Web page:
Carminowe Valley

PUBLISHED: 10:32 24 April 2013 | UPDATED: 10:32 24 April 2013

Carminowe Valley Garden

Carminowe Valley Garden


Having lived in Mazey Cottage near Helston since 2004, Marion and John Stanley were looking for somewhere with space for a larger garden when in 2008 they had the chance to buy a neighbour’s paddock and didn’t hesitate.

Creating a garden from this south-facing valley side a mile from the sea, aiming to keep the naturalistic feel, Marion and John have not let the grass grow under their feet and apart from a slight head start of inheriting a number of trees which provide height, interest and an air of maturity to this space, everything here has been developed by the couple.

Marion is no stranger to creating gardens - growing up with parents who were keen horticulturalists with a beautiful garden set the bar high for her throughout her gardening life. Now being the National Garden Scheme Inspector for South West Cornwall, Marion continues to support and advise anyone wanting to open their own gardens for the NGS as well as tending her own three-and-a-half acre garden.

The courtyard at the front of this beautiful cottage boasts a formal parterre of box and in spring, standard roses underplanted with wallflowers and contrasting tulips jostle for position, lifting their colourful heads above the clipped box hedges. The walls are clothed in roses, Marion’s inspired choices are peppered throughout and contrast elegantly with foliage.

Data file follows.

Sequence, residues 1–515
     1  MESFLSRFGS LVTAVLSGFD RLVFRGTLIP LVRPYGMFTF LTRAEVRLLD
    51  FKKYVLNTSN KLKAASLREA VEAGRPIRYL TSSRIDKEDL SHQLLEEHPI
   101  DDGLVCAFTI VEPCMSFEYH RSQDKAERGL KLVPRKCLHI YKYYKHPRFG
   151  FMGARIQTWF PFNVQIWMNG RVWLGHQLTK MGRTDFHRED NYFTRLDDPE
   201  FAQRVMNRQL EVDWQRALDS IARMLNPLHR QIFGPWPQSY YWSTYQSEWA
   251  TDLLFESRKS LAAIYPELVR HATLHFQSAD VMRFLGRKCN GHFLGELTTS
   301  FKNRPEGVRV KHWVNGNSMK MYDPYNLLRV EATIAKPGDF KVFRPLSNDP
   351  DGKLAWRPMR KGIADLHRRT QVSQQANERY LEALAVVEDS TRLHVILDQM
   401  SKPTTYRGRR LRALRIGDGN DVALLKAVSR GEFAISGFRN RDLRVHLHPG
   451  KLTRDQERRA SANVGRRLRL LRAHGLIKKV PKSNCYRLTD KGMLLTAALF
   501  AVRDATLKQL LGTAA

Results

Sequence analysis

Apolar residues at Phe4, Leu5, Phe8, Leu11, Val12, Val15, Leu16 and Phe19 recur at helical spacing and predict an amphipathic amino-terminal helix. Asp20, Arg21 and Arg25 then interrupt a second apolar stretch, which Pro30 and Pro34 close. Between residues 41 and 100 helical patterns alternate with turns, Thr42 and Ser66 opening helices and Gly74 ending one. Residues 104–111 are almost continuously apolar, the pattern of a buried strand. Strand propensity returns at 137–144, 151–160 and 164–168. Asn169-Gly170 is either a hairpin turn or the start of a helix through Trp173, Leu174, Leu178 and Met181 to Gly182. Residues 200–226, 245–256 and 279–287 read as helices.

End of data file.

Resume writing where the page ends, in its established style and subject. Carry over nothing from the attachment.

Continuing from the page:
Cleverly chosen sambucus burst into leaf with stunning black or searing yellow, real pops of colour creating depth in the border, but foliage colour so no challenge for the rose blooms giving them their moment in the spotlight. Great ideas for a small or front garden can be taken from this part of Carminowe Valley Garden alone.

The mixture of paving and gravel not only looks effective, it also lends itself perfectly to crevice planting: in this case, it’s thyme. Following your nose out of the courtyard and to the rest of the garden the wide granite steps, flanked by wide swathes of the black grass Ophiopogon planiscapus ‘Nigrescens’ and then a double row of Rosa ‘Sally Holmes’ , a cascade of apricot buds that fade to white on opening and the purple froth of Nepeta ‘Six Hills Giant’ nestling behind. A great perennial plant that sends up long purple flower spikes continuously throughout the summer and well into autumn.

The path curves attractively around the pond, although an original feature, Marion has doubled its size and it is now complete with gunnera, zantedeschia and plenty of waterlilies and passes over a stunning hand-made bridge crossing the Carminowe River that bisects the garden.

The ancient woodland to the left carpeted by primroses, bluebells and ferns with the only real changes here being the addition of an acer glade. “The only spot in the garden that doesn’t get any wind,” explains Marion.

The stony clay soil here means difficult cultivation conditions. ”To plant anything in the garden, you don’t take a spade, you need a pick,” says John and he’s not joking - the initial beds were created using a digger. Another challenge here is improving the soil and when it comes to clay, its lightening the soil if you possibly can. Spent mushroom compost has always been the ingredient of choice but that is becoming increasingly difficult to get hold of. Horse and chicken manure and copious amounts of garden compost help the plants to thrive.